HTML and CSS Reference
style : Specifies CSS style properties for the element. This is known as inline styling , which you'll
learn more about in the next chapter. Although the style attribute is valid for most elements, it
mixes presentation with your content so you should avoid using it whenever possible.
title : Supplies a text title for the element. This might be a note, a label, a warning, or indeed a
title—the attribute accepts any short bit of text. Many graphical browsers display the value of a
title attribute in a “tooltip,” a small, floating window displayed when the user's cursor lingers
over the rendered element.
hidden : Indicates that the element is not relevant and that the browser shouldn't render it. This
Boolean attribute is somewhat controversial—arguably, irrelevant and invisible elements
shouldn't be in the document in the first place. The attribute was introduced because there may
be some unusual situations when an element is irrelevant in one context but relevant in another.
For example, a page might have special navigation that should be visible on a mobile device but
should never be seen on a desktop computer, or a log in form that isn't relevant to users who are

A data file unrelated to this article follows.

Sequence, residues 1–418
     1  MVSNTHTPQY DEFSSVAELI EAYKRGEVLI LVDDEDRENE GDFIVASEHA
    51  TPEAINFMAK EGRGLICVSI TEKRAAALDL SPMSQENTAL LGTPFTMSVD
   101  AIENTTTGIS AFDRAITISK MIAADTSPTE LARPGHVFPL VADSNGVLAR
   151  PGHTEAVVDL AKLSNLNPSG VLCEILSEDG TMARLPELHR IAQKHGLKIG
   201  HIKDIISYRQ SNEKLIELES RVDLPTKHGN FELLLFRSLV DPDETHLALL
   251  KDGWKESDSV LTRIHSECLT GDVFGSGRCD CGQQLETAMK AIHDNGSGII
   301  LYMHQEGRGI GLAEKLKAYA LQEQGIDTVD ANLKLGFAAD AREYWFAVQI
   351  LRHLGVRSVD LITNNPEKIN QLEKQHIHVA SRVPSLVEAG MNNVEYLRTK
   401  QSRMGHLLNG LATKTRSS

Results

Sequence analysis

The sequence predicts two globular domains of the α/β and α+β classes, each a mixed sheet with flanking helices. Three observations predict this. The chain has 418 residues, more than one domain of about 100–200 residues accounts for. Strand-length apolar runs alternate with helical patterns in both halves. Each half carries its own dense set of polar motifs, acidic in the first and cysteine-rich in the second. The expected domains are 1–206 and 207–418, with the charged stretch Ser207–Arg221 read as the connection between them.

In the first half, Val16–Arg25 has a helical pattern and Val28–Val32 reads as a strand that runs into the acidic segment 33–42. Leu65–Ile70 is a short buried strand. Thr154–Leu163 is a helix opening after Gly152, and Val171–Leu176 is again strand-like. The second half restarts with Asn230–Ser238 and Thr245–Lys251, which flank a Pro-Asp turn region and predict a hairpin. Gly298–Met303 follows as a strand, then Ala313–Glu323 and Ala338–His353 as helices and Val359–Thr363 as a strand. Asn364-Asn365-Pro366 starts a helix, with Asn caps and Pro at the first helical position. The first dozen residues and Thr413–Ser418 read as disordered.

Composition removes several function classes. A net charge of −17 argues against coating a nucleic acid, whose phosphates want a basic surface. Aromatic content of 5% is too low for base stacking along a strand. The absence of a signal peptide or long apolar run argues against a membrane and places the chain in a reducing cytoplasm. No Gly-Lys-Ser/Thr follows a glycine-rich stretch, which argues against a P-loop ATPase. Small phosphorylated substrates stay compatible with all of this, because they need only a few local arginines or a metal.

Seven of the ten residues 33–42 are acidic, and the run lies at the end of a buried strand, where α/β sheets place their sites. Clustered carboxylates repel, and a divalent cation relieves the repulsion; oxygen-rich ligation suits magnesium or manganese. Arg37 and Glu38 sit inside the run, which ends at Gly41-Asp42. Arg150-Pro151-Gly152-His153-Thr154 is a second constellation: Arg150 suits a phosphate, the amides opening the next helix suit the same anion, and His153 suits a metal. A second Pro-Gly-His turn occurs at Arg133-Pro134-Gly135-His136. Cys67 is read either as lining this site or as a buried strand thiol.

already logged in. The intent is that dynamic scripts could toggle the attribute to hide or show
elements as needed, but there's a lot of potential for careless authors to misuse the hidden
attribute, hence the debate on whether it should be allowed in HTML5 at all. This attribute should
not be used to arbitrarily hide any old content you might want to hide. We've included the hidden
attribute in this list because you might encounter it in the wild, and you might even come up with a
legitimate use for it—but do so with care.
Previous versions of HTML and XHTML imposed much stricter limitations on class and
id values. No punctuation or symbols were allowed other than hyphens and
underscores, and an ID had to begin with a letter of the alphabet, not a numeral or
symbol. HTML5 has loosened these restrictions but they still apply if you're working with
an HTML 4.01 or XHTML 1.0 document.
Internationalization attributes contain information about the natural language in which an element's
contents are written such as English, French, Tamil, Latin, Klingon, and so forth. They can be included in
almost any element, especially those that contain text in a language different from the rest of the
dir : Sets the direction in which the text should be read, as specified by a value of ltr (left to
right) or rtl (right to left). This attribute usually isn't necessary because a language's direction
should be inferred from the lang attribute. It's a good idea to include it just the same. Most Earth
languages are read left to right, with Arabic, Persian, and Hebrew being the most common right to
lang : Specifies the natural language of the enclosed content, indicated by an abbreviated
language code such as en for English, es for Spanish (Español), ja for Japanese, ar for Arabic,
rn for Kirundi, and so on. You can find a listing of the most common language codes at